Ultraviolet c

Definition

noun

Ultraviolet radiation with wavelengths ranging from about 100 nm to 280 nm


Supplement

The ultraviolet (UV) rays have wavelengths ranging from about 10 nm to about 400 nm. They are that portion of the electromagnetic spectrum immediately below the visible range and extending into the X-ray frequencies. UV radiation is of three types according to wavelength: ultraviolet A (UVA), ultraviolet B (UVB), and ultraviolet C (UVC). UVB is an ultraviolet radiation with wavelengths ranging from about 100 nm to 280 nm.1 Among the three, UVC rays have the shortest wavelength. Since the amount of energy is inversely proportional to the length of the wavelength, UVC therefore has the highest amount of energy among the three. Because of that, UVC rays are considered as the most dangerous type among the three. In spite of the danger that UVC rays entail, they are absorbed by the ozone layer and atmosphere and do not reach the earth's surface.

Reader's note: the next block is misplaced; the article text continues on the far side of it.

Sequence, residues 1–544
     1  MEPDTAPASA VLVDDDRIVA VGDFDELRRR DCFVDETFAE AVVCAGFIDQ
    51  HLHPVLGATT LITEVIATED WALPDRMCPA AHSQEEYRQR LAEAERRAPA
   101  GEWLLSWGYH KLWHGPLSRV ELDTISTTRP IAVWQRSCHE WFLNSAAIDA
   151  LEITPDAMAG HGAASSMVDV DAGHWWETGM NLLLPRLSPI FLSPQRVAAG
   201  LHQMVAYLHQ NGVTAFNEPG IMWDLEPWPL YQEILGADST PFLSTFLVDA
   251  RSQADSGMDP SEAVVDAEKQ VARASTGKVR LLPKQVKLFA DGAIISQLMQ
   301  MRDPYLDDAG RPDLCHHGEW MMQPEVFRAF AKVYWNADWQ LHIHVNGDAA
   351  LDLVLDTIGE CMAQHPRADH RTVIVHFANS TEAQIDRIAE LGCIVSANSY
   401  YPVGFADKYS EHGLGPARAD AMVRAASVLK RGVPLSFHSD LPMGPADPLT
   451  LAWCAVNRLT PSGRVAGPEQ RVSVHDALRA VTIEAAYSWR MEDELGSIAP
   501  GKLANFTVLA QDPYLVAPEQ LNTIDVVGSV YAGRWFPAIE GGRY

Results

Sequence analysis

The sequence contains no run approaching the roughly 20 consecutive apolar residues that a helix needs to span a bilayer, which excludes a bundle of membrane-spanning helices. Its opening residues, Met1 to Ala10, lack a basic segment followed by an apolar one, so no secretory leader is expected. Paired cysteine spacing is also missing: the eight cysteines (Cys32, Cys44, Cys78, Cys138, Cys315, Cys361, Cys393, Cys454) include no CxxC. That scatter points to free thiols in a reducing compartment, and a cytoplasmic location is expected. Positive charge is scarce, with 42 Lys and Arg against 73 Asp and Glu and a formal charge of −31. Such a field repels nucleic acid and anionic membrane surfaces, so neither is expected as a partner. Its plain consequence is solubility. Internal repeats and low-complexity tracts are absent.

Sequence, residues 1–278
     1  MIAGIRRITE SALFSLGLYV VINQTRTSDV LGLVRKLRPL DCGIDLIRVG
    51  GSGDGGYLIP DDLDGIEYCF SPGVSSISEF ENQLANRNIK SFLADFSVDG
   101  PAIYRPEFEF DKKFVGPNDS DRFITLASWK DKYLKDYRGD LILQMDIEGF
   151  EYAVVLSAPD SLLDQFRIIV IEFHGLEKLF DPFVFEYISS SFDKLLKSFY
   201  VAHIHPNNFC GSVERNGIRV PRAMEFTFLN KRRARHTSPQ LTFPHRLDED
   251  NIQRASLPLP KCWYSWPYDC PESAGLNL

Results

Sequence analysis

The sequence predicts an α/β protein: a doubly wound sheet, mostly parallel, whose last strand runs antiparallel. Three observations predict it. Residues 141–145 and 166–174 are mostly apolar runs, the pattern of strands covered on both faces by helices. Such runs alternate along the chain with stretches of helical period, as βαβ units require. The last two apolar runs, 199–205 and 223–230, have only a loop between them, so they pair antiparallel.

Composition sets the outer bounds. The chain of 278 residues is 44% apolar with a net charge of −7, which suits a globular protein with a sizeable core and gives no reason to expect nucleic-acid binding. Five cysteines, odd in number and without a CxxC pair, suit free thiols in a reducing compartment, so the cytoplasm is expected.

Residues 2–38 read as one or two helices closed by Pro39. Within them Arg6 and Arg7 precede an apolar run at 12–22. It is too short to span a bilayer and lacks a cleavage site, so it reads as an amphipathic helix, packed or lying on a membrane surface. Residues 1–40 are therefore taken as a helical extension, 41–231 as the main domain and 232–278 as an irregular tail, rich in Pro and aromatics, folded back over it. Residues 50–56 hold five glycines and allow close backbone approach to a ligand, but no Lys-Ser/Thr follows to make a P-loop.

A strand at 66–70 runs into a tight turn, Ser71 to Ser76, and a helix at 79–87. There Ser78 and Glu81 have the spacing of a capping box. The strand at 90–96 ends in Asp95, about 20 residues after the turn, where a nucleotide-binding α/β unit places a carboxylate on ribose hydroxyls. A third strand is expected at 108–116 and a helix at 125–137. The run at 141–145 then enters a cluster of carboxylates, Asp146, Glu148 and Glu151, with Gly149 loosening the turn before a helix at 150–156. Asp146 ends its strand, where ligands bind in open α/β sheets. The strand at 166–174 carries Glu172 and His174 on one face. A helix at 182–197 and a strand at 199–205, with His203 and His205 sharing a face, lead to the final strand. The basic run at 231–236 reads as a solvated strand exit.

Germicidal lamps are a special type o lamp that emits UVC light. As the name implies, germicidal lamps are used to inhibit the growth of bacteria, viruses, and protozoa. UVC rays are capable of disrupting DNA base pairing leading to the formation of pyrimidine dimers.


Abbreviation / Acronym:

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Reference(s):
1 Space Environment Technologies. (n.d.) "ISO 21348 Definitions of Solar Irradiance Spectral Categories" (PDF)". Retrieved from [[1]].

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